Wednesday, 29 December 2010

Biotransfer: Gaucho Dog

Dictionary definition: Gaucho:- a South American cowboy of the Pampas, identifiable by his horse, his long knife and his string of dogs.

If a gaucho consumes meat three times a day and we pack two asados away, does that make us two-thirds a caballero? 66% gaucho, then I remember that I don’t have a machete: remove ten points from my score. But a gaucho without a horse is like the chronicler without his mount , a lost, non person. So that leaves me with the dog; and unfortunately we definitely have one of those.
I’m sitting quietly reading an e-newspaper at a table in Cachi, when I become aware of a dog lying quietly at my feet. It’s not your usual tick-parasitised, flea infested street dog; for one it’s quiet, clean and it’s behaviour suggests “pet”. From experience we know to ignore these hounds; if you want to get rid of them - and most fall into this category - just reach down, as if to pick up a stone and the effect is immediate: exit one cur at top speed, tail between legs. This one was young, with the physique of a small Alsatian, German Shepherd, which I have subconsciously named Gaucho Dog. A while later a river-rounded granite stone, a good dog’s mouthful, is dropped on my toes; GD sits down waiting for me to play. Still I ignore it, giving absolutely no encouragement. I can guess where this might lead, and I don’t want that to happen. This goes on for quite some time, the stone being pawed, the ingratiating, pleading looks; still I ignore it, still no encouragement.

It hangs around all evening, then disappears. Good, I guess that it belonged to the tent that had pulled in earlier in the afternoon. The threat of any hurled stone was never going to deter it , it would only end in a never-ending game.

At some point in the night, one of the street dogs came wandering past, and from what sounded like a few inches from my head, there was a low growl. He, it’s definitely male, is lying outside the tent on guard. Several times throughout the night I hear it chasing of other dogs. At first light I find it lying, waiting, under the parrilla, waiting for the day to start.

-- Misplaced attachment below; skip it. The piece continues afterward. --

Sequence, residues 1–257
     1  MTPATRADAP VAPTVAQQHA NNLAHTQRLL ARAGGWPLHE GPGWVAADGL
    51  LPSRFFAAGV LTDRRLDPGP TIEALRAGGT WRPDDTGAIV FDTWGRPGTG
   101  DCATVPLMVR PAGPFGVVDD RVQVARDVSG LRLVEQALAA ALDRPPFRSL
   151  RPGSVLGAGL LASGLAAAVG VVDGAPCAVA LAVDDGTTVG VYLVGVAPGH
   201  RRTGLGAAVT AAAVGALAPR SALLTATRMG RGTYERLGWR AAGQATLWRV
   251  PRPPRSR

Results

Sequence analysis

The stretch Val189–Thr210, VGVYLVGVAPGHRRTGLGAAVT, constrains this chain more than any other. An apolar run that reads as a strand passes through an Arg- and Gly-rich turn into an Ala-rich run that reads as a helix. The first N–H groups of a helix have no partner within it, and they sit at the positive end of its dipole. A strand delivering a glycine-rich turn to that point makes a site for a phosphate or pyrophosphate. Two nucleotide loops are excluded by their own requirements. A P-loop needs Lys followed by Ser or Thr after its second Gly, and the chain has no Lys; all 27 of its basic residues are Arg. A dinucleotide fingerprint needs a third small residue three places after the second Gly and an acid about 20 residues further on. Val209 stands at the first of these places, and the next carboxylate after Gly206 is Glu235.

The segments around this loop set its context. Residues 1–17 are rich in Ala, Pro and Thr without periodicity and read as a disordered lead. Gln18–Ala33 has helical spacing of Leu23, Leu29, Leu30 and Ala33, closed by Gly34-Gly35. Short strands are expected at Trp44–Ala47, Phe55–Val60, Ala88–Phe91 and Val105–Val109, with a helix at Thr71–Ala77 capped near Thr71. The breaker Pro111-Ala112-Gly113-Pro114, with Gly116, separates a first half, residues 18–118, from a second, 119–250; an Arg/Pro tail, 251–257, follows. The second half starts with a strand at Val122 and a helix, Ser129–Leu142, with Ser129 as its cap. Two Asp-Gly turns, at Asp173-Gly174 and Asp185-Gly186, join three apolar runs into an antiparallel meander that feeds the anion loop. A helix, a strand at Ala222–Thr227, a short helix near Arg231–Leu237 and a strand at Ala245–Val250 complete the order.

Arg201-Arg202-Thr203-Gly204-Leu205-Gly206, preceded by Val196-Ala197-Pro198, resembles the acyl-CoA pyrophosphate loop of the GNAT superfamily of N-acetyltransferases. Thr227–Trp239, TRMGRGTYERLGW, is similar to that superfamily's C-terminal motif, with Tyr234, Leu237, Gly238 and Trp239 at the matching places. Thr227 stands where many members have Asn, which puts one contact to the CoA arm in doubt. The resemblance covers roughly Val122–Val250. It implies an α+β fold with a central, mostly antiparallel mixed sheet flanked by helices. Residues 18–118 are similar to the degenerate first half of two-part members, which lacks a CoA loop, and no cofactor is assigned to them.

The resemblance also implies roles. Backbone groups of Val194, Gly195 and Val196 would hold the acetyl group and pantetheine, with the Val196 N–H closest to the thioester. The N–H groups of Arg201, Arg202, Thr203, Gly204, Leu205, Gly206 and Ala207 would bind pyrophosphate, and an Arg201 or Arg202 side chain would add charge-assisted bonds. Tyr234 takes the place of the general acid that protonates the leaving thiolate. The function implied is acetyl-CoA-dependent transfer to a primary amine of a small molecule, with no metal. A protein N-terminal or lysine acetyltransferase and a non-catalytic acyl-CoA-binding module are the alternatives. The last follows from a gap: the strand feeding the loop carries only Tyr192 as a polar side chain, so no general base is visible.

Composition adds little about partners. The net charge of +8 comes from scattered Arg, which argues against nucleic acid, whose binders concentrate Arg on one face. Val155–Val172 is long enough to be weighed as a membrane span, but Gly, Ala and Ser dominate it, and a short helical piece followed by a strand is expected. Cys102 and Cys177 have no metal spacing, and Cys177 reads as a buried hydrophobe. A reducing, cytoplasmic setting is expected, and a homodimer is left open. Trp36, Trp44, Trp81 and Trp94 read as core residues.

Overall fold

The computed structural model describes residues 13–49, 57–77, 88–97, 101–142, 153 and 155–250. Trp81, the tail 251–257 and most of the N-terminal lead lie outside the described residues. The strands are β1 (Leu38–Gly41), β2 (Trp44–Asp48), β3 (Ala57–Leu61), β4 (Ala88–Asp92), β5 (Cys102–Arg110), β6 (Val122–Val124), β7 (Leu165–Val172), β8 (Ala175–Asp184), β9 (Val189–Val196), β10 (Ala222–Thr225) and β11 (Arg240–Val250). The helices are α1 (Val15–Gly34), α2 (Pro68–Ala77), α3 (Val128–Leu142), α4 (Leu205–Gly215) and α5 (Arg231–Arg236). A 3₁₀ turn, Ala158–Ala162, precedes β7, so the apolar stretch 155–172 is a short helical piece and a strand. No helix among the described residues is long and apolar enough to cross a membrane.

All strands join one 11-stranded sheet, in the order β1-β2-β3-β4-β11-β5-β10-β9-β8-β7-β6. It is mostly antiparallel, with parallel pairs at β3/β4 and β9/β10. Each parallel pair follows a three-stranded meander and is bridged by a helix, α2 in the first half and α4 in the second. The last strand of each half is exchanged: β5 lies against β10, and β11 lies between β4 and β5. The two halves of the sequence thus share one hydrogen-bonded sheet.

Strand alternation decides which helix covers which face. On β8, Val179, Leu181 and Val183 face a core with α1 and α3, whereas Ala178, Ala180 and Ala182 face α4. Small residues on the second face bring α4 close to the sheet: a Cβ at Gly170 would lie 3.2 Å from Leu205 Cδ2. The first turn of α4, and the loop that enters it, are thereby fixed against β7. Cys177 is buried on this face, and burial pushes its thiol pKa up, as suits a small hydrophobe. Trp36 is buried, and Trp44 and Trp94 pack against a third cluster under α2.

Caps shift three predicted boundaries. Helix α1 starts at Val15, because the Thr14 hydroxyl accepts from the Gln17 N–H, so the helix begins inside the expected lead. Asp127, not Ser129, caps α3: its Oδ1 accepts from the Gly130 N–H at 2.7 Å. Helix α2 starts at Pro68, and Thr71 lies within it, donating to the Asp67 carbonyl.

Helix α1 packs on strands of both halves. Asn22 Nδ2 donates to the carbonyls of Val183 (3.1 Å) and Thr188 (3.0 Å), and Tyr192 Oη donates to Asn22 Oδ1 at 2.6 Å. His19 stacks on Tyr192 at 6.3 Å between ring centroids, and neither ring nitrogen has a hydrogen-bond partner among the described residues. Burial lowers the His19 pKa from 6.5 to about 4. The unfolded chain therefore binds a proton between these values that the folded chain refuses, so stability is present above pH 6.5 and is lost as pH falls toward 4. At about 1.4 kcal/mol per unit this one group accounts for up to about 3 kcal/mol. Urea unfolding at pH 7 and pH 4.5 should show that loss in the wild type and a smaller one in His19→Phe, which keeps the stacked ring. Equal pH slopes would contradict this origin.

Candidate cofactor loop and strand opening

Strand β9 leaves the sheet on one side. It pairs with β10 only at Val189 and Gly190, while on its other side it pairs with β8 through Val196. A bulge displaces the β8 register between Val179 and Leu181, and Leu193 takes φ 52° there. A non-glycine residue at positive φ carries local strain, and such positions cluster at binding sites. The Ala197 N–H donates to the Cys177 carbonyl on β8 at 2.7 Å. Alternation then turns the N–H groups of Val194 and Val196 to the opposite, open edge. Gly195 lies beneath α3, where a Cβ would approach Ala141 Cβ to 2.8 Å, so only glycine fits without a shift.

We pack up the bags, load up the bikes, still he’s lying waiting, expectant. The moment we move out, he’s up and settles in right behind one of our rear tyres. I know then that we’ve acquired a real Gaucho’s dog, the genuine article, and a very real problem. Back in El Carmel we had watched the mounted police leaving there guard post and collecting posse of assorted unwanted dogs and the problems they had in trying to shed them. Then seeing them coming back off their beat, a string of dogs trotting along behind. These dogs must be born with this instinct of following the horse.

We need some bread for the road, so we ride around town searching out the early opening bakery. We lose GD on three occasions, only to be reunited each time. Eventually stocked with moving on supplies, and at this instance sin dog, we head out of town and go south. Maybe he’s had enough of our ostracising, our boycotting of his games. There’s one road into Cachi and another out, a choice of two points in which to pick up a couple of gringo travellers; there’s GD waiting at the correct one . This dog is a natural. The road will be three days of ruts, washboard and sand. There’s never going to be chance to outpace this dog, top speed will be little better than a fast stroll. Our only hope is that he will get bored, give up and turn around. It never happens; he settles in behind the rear cyclist, settles in for the long haul. Even when he draws the snarling, barking guard dogs from each and every farm and finca, he will snap and growl once or twice, then pad on, keeping pace with us.